Combat is not just about the weapons you wield, but also the style you choose. Each style has its own move set and has its advantages and disadvantages against enemies. As you keep using a style your proficiency will increase with it, and unlock some new moves too. The core aspect to combat is Ki, essentially the stamina bar, which depletes for every action in fights from attacks, defending, and dodging. Enemies have the same bar too, so the real aim is to exhaust their Ki bar so that they stagger and let you perform a powerful attack. It is all about timing when fighting, and parrying is a key part of each battle to get openings at the right time too. When your own Ki bar empties you will be vulnerable to attack yourself.

Rise of the Ronin broken Ki

Fights vary from quite simple to really tough all depending on your equipment, level, and enemy attributes. Some enemies are fast while others take a much slower approach, making it all the more important to time your parry correctly. Due to the time period, you do have access to revolvers and rifles alongside bows for ranged attacks, and in most battles mixing between melee and ranged is needed.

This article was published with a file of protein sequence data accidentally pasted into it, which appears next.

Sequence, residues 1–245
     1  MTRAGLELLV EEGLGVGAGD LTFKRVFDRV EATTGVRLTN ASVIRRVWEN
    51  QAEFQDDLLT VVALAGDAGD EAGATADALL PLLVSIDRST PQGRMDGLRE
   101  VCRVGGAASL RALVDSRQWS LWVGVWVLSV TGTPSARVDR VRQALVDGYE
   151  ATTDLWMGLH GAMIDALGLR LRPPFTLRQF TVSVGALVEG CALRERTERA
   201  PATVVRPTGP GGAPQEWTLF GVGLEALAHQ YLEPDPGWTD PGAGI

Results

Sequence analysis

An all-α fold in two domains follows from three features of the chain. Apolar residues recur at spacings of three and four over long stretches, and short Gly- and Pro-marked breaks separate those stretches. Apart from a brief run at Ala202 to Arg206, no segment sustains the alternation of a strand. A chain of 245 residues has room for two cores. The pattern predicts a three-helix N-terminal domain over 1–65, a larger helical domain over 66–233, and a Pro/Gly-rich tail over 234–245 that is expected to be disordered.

You will pick up various gear from armour to weapons, ranging from common types to exquisite. Each item has its own bonuses, and some belong to particular sets granting additional bonuses. Rise of the Ronin practically throws loot at you, that it can be overwhelming. Thankfully, there is a setting where you can choose to auto sell or auto dissemble items that you do not want to keep. It is definitely recommended to do, otherwise you could be tediously going through item menus and marking each one to sell manually.